When you cook in the Alaskan bush, you keep up with the challenges....which are constant. Boats are more economical to transport groceries, dry goods and everything else. But these boats are not scheduled daily, or are not reliable because of predictable reasons like the weather or the 'boat breakdown. Reasons or excuses are typical why the boat could not be on schedule. Thus, the plane preference, which is (almost) daily (weather-dependant) and cost a helluva lot of money.

The challenges I faced were enormous, ironic and hilarious. Receiving wilted herbs, expired milk, wrong products were the norm. Getting the basic groceries from one remote area (Kodiak) to the bush (Larsen Bay) was a cacophony of anxiety. I never knew what surprises were awaiting me. To cut down on some predictable surprises, I opted to plant my own herbs delightfully awakening my green thumb that solved most of the fresh herbs issues. Vegetables would be que sera sera except when our local housekeeper, Marlene, would bring me her fresh produce of carrots, rhubarb, and whatever extras from her garden. I took the liberty to buy eggs from her also. Marlene, an Aleutian, conscientious and industrious, was the best housekeeper and local Alaskan Native I have come to like and respect. I owe Marlene the excitement of learning Alaskan island-subsistence living: gathering sea gull eggs, raking for sea urchins, digging clams, scraping the mussels off the rocks and catching octopus.

Cooking for a fishing and hunting lodge had its rewards and drawbacks just like any place or any job. I never appreciated halibut and salmon as when I was presented with the fresh catch of the day. Halibut, tender, sweet Salmon of different species. Trout. Rockfish. I was in gills heaven. The privilege to cook and serve the bounty of Alaska's waters would spoil me rotten. My culinary spirit was ecstasy personified. Yet, I opt not to corrupt the sweetness of the species' own natural flavor. I believe that I won the stomachs of all my clients because I had received generous tips. The clients during the fishing season were more my type of people. They were friendlier and generous unlike the clients during the hunting season. The hunters wanted me to serve them freshly-shot deer. This added a notch to my culinary skill.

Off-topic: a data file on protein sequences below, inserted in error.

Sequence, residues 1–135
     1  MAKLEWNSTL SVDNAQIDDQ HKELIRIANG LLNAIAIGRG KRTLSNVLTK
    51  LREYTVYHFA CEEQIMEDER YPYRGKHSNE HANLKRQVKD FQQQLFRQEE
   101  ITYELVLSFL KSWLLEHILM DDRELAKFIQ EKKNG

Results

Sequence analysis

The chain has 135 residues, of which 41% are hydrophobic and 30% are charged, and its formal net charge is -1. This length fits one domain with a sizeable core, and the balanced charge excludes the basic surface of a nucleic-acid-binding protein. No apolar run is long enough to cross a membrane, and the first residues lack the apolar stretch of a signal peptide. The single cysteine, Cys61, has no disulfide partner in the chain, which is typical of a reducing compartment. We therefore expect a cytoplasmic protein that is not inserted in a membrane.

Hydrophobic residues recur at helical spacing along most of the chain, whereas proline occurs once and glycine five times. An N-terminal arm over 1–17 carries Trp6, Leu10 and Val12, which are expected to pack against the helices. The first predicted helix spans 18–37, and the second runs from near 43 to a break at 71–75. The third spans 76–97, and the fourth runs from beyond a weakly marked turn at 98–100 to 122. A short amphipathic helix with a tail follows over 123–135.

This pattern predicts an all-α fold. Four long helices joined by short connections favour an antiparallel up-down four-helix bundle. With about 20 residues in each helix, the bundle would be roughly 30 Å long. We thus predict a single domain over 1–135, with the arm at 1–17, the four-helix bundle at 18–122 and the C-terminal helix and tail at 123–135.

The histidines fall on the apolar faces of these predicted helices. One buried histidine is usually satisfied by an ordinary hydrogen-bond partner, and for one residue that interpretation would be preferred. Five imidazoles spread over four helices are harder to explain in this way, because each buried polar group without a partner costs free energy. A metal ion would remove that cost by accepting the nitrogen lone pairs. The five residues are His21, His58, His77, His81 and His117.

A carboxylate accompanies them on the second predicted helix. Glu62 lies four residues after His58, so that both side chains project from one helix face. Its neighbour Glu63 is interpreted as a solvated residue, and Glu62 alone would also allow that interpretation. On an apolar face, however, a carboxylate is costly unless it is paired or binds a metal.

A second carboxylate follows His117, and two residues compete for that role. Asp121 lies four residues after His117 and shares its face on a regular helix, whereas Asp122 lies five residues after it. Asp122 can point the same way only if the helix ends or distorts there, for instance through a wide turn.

Bush cooking was hard work. Long hours from 12 to 16 hours a day depending on how many staff the lodge would employ and how many clients at any given day. I should say that my lodge work was a paragon of a one-person-team most of the time. I metamorphosed from chef to hostess to server to dishwasher to housekeeper to interior decorator to gardener. I could barely walk at the end of the day or night, and yet, I had to to take Dallas out for a stroll on the beach every day, or night and not begrudgingly. Heck, the commute was a lot easier, from bedroom to kitchen on the same floor. The few steps I saved were helpful. How could you beat that Los Angeles!

My vanity in the appearance department took a backseat. "Mirror, mirror on the wall....yuk, that's not me at ALL." Sacrifice vanity for simple plain-ness, if you must call it that; because I was too physically exhausted to repair and pretty-fy me. Living and working remote, I did not have to pay for rent, utilities, car fuel and food. The upshot on this job were free airfare to and from Anchorage, salary plus tips. Count the island's weather-dependent internet and TV connections and the absence of no substance user friends as my un-favorite things. My existence was almost monastic. And yet, the moments of staring at pristine wilderness, at encountering a bear on the beach, at watching the eagles fish, at simply beachcombing for 'treasures,' I could go on schizophrenically on Alaskan bush living.

From this vantage point, dandelions are gorgeous.
From this vantage point, dandelions are gorgeous.
Beachside Alaskan living.
Beachside Alaskan living.